If Audi reverted to FWD instead of AWD several things would happen and not many of them would be good (at least from both marketing and performance perspectives). And there is no way I [at least] could ever imagine Audi marketing RWD cars -- any more than Coke wants any cola product to be called coke (with a little "c").
Audi would also probably point to near premium, premium, and super premium (and exotics, too) cars that are all-wheels-driven vehicles.
Several of the world's greatest automakers save AWD for their highest performing models. Perhaps AWD is in Porsche's blood what with Audi, VW and Porsche all being related. Perhaps Lamborghini too has AWD in its blood due to Lamborghini's relationship with Audi. The same for Bentley.
Audi would probably argue that AWD is their performance vehicles' "secret" [not really secret, of course] weapon or sauce as the analogy might go.
I love the use of the phrase "pig-headish" -- and assume it was meant to be ironic or at least be a double entendre since Audis are "front end" (or head end, as opposed to butt end) heavy.
I just don't see Audi doing anything else than continuing to embrace AWD -- especially for its highest performing cars.
Oct 22, 2012 (12:10 pm)
Victor, litigious culture is correct, however, if car companies would build a super light version of a M3 or A4 in a small run to give the driver enthusiast what they want. I would have to say that i highly doubt the average BMW 3 series driver wanting to buy one of those, As stated before, you can have a light weight car, but do the car companies want to build them? When BMW built the M3 CSL it was sold out before the production run started, Porsche does not have a problem selling their Cayman R either. It seems selling the cars isn't a problem..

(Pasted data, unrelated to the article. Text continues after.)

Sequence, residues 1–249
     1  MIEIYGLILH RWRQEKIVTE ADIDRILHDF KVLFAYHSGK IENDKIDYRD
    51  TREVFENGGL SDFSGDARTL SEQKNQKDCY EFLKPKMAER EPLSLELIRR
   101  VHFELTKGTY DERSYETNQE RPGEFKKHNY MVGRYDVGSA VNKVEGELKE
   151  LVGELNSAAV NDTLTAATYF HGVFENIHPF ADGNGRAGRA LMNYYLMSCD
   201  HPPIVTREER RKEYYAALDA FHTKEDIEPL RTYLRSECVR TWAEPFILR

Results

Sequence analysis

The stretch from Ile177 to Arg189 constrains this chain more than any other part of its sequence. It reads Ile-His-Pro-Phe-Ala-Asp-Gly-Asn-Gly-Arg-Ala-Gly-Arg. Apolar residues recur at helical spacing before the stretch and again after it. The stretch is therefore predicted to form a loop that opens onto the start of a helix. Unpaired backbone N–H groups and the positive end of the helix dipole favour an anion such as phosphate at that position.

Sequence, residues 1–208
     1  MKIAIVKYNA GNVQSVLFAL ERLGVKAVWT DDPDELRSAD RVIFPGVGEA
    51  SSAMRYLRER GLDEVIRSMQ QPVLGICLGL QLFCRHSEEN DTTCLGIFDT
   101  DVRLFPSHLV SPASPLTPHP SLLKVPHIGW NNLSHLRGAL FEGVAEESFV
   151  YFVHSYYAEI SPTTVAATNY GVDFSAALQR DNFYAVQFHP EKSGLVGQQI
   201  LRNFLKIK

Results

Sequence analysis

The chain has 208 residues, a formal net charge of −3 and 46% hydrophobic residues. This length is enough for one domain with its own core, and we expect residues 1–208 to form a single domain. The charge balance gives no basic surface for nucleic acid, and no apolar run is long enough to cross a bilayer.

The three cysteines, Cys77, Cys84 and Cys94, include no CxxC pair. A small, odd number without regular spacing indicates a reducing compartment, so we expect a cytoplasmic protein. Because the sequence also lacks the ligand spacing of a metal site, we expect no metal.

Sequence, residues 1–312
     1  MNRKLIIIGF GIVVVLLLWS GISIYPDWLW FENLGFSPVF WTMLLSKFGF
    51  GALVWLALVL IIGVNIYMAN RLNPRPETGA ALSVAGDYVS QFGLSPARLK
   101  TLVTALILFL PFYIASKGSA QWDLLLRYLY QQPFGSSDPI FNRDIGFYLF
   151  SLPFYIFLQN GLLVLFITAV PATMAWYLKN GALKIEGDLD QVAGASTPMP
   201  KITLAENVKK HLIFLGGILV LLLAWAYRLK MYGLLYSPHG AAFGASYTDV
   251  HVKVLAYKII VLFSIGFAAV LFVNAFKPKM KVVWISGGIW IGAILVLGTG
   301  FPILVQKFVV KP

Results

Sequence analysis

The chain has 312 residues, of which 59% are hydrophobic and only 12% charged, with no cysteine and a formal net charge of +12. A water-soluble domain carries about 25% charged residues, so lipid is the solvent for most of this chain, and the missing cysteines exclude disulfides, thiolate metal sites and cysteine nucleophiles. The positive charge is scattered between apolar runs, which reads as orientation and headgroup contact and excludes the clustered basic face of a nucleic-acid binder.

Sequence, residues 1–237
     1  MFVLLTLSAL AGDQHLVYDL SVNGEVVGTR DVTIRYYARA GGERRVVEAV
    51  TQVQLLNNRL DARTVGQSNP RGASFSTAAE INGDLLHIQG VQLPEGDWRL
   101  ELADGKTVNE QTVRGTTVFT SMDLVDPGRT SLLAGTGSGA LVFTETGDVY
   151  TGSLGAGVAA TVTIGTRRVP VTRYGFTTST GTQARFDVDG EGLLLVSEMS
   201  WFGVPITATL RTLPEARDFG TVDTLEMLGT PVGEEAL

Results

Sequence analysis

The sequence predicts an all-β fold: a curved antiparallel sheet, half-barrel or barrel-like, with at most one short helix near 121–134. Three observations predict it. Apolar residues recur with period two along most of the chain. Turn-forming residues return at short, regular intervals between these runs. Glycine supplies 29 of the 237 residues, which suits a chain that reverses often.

#15121 of 16087 Re: 5000 [markcincinnati]
Oct 22, 2012 (12:21 pm)
Perhaps AWD is in Porsche's blood what with Audi, VW and Porsche all being related
That will get the blood boiling with a lot of Porsche enthusiasts that are far more knowledgeable and much more proficient sports car drivers than me. I've been casually shopping for a replacement for my 911 C2S that I sold 18 months ago. In the process, I've attended a Porsche track event and test driven several cars, new and used. The conversations I've had with Porsche employees, enthusiasts, and professional drivers has been pretty educational.
Bottom line, very few serious Porsche enthusiasts consider the 911 Turbo (AWD) to be the pinnacle of the 911 line. They put the GT3 RS4.0 on top, GT3 next followed by GT2. Some would put the new 991 C2S ahead of the 997 Turbo. They like naturally aspirated engines and RWD. The GT2 is the RWD answer to the Turbo S, and is fast as hell, but not preferred by them over the GT3.
The AWD 911 Turbo and various "4" cars were, as explained to me, partly based off the fact that the 911 RWD has a front/rear weight balance of roughly 37/63 and some buyers liked having another 150+/- lbs over the front wheels and some extra grip. That was usually followed by a thinly veiled "amateur" adjective to further describe that type of buyer. But not the preference of the serious enthusiasts, it seems. As a matter of fact, I have heard from several that they have acquired 993 Turbos (last of the air cooled engines) and actually disconnected the front drive train to make them RWD.
The Cayman and Boxster will never be AWD. They are already perfectly balanced and light.